TPM and HSM Hardware Encryption Devices

Both a Trusted Platform Module (TPM) and a hardware security module (HSM) can be used for hardware encryption and both are mentioned
specifically in the objectives for the SY0-301 Security+ exam.  With this in mind, it’s important to know what these devices are and how they differ.

A Trusted Platform Module (TPM) is a hardware chip on the computer’s motherboard that stores cryptographic keys used for encryption. Many
laptop computers include a TPM, but if the system doesn’t include it, it is not feasible to add one. Once enabled, the Trusted Platform Module provides full disk encryption capabilities. It keeps hard drives locked, or sealed, until the system completes a system verification or authentication process.

The TPM includes a unique RSA key burned into it, which is used for asymmetric encryption. Additionally, it can generate, store, and
protect other keys used in the encryption and decryption process.

A hardware security module (HSM) is a security device you can add to a system to manage, generate, and securely store cryptographic keys.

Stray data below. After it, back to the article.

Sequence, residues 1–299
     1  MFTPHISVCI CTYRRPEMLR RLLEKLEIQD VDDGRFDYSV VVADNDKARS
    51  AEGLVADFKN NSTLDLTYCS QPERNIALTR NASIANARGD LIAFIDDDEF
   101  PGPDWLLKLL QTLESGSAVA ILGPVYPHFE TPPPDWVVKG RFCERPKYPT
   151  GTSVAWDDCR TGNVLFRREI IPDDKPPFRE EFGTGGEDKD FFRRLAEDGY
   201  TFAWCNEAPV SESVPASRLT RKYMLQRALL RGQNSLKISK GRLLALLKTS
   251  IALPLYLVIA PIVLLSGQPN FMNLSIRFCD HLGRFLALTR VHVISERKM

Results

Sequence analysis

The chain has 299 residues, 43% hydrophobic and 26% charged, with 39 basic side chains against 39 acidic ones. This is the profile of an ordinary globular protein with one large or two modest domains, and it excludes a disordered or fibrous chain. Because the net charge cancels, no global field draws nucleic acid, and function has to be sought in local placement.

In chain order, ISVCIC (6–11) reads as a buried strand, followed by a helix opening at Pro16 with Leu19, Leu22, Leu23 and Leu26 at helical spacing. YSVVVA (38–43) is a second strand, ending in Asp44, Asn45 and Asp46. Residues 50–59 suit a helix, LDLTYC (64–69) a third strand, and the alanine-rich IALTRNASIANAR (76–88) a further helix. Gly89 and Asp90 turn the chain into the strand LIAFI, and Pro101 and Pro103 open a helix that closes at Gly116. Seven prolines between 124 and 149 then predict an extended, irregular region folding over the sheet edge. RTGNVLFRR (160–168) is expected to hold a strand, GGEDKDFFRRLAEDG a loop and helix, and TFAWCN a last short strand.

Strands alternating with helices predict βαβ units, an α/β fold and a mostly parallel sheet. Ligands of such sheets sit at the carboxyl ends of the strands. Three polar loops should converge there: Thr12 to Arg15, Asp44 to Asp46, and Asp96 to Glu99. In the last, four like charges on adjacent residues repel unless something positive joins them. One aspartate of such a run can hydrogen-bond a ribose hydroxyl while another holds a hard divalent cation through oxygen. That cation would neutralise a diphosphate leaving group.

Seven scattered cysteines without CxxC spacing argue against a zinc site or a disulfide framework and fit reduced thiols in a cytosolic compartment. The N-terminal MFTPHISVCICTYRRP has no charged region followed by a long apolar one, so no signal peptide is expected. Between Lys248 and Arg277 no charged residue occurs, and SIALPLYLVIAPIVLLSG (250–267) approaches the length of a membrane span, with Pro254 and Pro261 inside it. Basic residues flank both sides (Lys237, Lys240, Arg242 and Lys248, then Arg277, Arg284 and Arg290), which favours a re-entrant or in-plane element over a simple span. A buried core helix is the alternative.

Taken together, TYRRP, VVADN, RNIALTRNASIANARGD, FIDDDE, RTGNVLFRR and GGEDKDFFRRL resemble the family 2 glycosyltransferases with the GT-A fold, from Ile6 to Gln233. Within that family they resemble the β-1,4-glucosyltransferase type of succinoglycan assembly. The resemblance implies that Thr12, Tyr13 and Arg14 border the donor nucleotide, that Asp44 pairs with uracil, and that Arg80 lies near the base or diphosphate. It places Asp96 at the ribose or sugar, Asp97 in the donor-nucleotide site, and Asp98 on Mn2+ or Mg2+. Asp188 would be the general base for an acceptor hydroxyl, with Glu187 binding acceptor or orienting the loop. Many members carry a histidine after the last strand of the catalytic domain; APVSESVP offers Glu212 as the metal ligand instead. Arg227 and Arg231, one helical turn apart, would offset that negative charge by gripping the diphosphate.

High performance HSMs are external devices connected to a network using TCP/IP. Smaller HSMs come as expansion cards you install within a server, or as devices you plug into computer ports.

One of the noteworthy differences between the two is that HSMs are removable or external devices. In comparison, a TPM is a chip
embedded into the motherboard. You can easily add an HSM to a system or a network, but if a system didn’t ship with a TPM, it’s not feasible to add one later. Both provide secure encryption capabilities by storing and using RSA keys.

The following table outlines these key characteristics.

Comparing TPM and HSM

Security+ Practice Test Question

As an example, the following question from the CompTIA Security+: Get Certified Get Ahead: SY0-301 Study Guide tests your knowledge between the two.


Your organization recently  purchased several new laptop computers for employees. You’re asked to encrypt  the laptop’s hard drives without purchasing any additional hardware. What would  you use?



C. VM  escape



Answer. A. A Trusted Platform Module (TPM) is included in many new laptops, provides a mechanism for vendors to perform hard drive encryption, and does not require purchasing additional hardware.

An HSM is a removable hardware device and is not included with laptops, so it requires an additional purchase.

A VM escape attack runs on a virtual system, and if successful, it allows the attacker to control the physical host server and all other virtual servers on the physical server.

A network-based Data Loss Protection (DLP) system can examine and analyze network traffic and detect if confidential company data is